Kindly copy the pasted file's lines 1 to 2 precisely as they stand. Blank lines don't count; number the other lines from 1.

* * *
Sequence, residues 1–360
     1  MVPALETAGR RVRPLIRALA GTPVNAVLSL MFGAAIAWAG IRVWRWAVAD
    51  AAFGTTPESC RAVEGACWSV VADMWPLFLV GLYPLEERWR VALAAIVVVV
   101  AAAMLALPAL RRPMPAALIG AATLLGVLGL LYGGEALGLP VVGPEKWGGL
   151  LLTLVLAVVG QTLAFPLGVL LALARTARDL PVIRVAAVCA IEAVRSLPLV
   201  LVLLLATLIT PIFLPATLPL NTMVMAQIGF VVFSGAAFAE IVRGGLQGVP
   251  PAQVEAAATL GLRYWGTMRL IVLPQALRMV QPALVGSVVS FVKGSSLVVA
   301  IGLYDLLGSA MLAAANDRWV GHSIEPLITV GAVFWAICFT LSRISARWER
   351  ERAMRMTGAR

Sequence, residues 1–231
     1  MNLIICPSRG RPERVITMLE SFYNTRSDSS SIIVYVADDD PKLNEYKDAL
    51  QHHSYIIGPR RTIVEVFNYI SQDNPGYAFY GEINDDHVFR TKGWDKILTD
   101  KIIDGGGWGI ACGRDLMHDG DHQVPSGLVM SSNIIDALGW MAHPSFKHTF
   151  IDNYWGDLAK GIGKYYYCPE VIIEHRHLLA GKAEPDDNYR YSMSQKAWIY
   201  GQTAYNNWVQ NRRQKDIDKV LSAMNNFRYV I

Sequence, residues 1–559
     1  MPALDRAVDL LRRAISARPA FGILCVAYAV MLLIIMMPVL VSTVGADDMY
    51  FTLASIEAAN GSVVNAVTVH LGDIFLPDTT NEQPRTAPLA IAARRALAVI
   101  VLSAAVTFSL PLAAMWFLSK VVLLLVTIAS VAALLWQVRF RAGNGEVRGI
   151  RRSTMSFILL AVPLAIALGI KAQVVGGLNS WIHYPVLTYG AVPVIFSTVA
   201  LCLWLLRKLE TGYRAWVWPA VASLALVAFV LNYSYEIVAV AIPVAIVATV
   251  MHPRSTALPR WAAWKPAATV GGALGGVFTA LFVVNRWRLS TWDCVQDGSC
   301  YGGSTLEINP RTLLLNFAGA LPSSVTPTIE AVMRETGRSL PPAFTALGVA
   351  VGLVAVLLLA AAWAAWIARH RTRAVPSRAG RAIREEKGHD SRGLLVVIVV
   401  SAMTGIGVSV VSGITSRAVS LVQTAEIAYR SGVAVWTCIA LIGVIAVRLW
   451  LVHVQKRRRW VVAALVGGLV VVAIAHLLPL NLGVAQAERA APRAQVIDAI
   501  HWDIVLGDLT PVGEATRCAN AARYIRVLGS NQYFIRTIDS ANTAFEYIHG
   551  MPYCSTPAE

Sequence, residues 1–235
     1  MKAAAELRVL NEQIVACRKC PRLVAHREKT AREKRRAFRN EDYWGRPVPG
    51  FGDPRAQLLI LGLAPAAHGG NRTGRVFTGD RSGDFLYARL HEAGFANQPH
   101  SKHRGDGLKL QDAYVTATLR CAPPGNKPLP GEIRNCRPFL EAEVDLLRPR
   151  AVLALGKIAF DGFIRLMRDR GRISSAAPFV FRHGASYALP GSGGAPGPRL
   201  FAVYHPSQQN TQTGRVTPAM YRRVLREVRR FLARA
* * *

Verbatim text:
Sequence, residues 1–360
     1  MVPALETAGR RVRPLIRALA GTPVNAVLSL MFGAAIAWAG IRVWRWAVAD